Lassry’s use of dance is unusual in relation to the current art-world obsession with the form, for which the Judson Dance Theater is the touchstone, and for which ballet and modern dance are virtual taboos. Lassry’s first “dance film” (Untitled, 2007) has two stated points of reference: George Balanchine’s modernist ballet masterpiece Agon, made in 1957, and Doris Humphrey’s book The Art of Making Dances, published posthumously in 1959. In this work, two New York City Ballet dancers—both of whom appeared again in last year’s Untitled (Presence)—perform the final minute of the Agon pas de deux seven times. Because that pas de deux is perhaps the most famous duet choreographed in the twentieth century, it is—or at least it was to me—instantly recognizable, in spite of the fact that the film is silent and the dancing is captured in close-ups so tight as to show only fragments of the moving bodies. Lassry used Humphrey’s diagram that mapped the strong and weak points of the stage to determine his camera angles. The seven shots of dancing are bookended by headshots of the two dancers, silent and relatively still, not unlike Warhol’s Screen Tests from the ’60s.

Lassry’s “Untitled (Presence)” also contained portraits of some of its dancers, in this case photographs hanging in the upstairs gallery. Two of the female dancers’ faces were contained within odd, upside-down-tear or thought-bubble shapes. (We got a preview of two of the dancers on the billboard that Lassry made for the High Line last summer.) An equally peculiar framing device—a sort of ribbon-shaped object that outlined the face in a circle and the body in a triangle—was pushed around the stage on casters during the performance.

Lassry obsessively frames his “presences,” but more is at work than these sorts of devices. Along with the all-too-obvious literal frames, Lassry’s pictures are framed by something you can’t quite put your finger on, something that makes his “presences” the haunted kind that James had in mind in his ghost story, and that I had in mind when I quoted him. You feel it when you look at the appropriated pictures that are headshots of movie and television actors. Sometimes you recognize them. I think one was Juliet Prowse, but who among us remembers exactly what the young Prowse looked like? You also feel it when, every now and then in the performance, the dancers execute a few steps or make a gesture that seems like something from a Balanchine ballet. It’s more ghostly in this case than that final minute of the Agon pas de deux. And it perplexes: Should I recognize this phrase? This face?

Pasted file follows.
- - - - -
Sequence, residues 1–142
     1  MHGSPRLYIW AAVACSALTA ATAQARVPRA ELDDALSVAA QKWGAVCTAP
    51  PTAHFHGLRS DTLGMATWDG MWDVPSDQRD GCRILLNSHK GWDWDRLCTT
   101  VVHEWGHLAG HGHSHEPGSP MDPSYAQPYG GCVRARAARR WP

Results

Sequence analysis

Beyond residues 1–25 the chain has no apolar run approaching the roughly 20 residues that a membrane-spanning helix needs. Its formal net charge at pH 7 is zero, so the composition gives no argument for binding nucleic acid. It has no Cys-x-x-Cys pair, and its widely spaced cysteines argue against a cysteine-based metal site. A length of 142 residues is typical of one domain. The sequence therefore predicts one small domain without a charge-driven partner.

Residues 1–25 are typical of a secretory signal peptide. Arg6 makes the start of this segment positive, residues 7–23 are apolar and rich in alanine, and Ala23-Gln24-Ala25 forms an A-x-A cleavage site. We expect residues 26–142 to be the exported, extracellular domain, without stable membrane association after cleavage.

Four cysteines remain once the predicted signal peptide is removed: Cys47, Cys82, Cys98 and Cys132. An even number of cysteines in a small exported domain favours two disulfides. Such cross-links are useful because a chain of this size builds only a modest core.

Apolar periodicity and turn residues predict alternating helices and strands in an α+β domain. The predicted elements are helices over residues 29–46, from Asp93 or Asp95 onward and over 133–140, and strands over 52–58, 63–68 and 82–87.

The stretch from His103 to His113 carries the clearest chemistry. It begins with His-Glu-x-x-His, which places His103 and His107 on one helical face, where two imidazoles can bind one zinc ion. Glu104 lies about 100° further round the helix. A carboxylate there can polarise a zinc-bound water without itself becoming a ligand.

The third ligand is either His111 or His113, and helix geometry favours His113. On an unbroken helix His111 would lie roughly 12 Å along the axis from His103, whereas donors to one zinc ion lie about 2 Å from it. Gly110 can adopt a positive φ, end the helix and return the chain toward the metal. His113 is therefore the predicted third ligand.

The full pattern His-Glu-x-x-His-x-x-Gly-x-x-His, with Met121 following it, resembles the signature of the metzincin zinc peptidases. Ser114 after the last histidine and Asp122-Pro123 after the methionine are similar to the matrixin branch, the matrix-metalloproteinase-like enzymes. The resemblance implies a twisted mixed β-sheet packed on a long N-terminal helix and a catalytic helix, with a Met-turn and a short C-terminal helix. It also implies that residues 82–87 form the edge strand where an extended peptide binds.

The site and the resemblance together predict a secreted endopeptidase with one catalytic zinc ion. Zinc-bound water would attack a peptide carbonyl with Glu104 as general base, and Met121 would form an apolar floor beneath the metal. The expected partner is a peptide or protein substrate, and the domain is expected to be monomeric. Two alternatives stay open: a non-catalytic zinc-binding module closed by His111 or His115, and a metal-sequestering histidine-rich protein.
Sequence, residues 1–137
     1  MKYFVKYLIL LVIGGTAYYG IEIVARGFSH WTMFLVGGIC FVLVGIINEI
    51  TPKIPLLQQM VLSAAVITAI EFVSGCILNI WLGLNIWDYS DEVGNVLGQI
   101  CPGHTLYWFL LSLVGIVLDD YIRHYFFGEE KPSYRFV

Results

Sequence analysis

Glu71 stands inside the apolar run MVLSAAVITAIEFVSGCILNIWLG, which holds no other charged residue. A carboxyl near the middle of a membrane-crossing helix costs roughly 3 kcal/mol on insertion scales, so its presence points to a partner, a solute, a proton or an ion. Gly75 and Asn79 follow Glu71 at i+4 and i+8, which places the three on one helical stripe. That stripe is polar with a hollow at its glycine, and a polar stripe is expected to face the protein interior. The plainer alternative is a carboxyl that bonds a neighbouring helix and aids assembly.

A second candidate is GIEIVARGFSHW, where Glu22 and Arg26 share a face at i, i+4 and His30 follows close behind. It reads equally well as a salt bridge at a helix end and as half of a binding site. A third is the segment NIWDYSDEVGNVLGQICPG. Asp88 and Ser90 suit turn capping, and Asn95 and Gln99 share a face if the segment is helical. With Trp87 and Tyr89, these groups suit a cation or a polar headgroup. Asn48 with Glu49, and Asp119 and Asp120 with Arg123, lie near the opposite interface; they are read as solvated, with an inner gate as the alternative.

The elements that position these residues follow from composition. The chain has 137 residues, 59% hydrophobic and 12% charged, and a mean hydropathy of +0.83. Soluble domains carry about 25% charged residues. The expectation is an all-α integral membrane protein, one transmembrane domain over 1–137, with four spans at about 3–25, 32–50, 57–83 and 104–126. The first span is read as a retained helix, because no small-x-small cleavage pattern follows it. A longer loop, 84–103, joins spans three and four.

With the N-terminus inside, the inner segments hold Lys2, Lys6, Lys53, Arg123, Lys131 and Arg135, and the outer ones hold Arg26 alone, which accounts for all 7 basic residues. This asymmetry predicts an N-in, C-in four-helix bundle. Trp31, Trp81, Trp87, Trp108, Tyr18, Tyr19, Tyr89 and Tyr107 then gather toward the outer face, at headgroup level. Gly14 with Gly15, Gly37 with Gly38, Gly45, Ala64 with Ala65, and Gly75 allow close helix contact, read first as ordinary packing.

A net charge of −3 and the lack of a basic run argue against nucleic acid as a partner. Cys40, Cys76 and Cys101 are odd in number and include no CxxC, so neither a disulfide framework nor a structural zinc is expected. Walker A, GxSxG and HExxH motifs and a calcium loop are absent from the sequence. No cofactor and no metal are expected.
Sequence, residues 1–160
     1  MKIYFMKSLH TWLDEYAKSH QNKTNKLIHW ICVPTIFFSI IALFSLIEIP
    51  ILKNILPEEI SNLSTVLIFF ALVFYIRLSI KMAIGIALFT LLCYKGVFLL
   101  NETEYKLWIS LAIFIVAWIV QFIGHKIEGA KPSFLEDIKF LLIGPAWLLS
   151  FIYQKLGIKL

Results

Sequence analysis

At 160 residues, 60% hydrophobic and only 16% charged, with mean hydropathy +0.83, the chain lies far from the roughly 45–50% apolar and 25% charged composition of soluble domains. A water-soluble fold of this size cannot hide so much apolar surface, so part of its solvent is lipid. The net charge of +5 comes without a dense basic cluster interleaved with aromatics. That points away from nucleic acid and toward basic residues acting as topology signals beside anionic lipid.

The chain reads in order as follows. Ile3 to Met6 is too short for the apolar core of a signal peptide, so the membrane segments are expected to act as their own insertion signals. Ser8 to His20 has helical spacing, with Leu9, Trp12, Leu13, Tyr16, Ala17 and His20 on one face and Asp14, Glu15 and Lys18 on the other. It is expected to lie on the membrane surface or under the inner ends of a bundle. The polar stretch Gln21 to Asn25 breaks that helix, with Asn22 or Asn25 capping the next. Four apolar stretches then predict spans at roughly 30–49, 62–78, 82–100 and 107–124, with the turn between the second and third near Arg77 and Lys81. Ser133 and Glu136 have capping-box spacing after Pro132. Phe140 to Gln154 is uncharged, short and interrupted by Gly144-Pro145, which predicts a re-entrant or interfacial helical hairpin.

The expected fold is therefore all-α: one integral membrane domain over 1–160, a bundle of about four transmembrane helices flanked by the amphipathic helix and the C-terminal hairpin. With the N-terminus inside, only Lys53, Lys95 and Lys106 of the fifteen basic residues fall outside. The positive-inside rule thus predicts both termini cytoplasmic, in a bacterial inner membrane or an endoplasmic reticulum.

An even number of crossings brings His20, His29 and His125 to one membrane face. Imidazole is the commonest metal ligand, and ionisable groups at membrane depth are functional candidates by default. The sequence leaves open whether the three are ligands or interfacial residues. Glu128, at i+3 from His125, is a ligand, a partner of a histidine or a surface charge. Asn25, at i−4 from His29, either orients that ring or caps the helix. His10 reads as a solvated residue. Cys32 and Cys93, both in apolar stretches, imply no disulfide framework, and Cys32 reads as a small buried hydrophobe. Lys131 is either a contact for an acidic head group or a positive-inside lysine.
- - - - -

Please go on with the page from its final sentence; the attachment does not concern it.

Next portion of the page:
A dance critic, blogging about her displeasure that the performers went uncredited, identified each of them; she seemed less perturbed by the subjects of the appropriated portraits or, for that matter, the two pictures called Dishes and the Judd-like (or is it Artschwager-like?) wall relief that was the sole object in the space between the slotted and scalloped walls. I admit that I, too, was curious about who the dancers were, but no more so than who the actors are (if indeed they are actors). I want to be able to put a name to a face, make a proper identification: hence “Judd-like,” “Artschwager-like,” “Balanchine-like.” But what makes Lassry’s “Untitled (Presence)” productively irksome is that such an identification won’t do the trick: It won’t banish the ghosts.

Douglas Crimp is Fanny Knapp Allen professor of art history at the University of Rochester.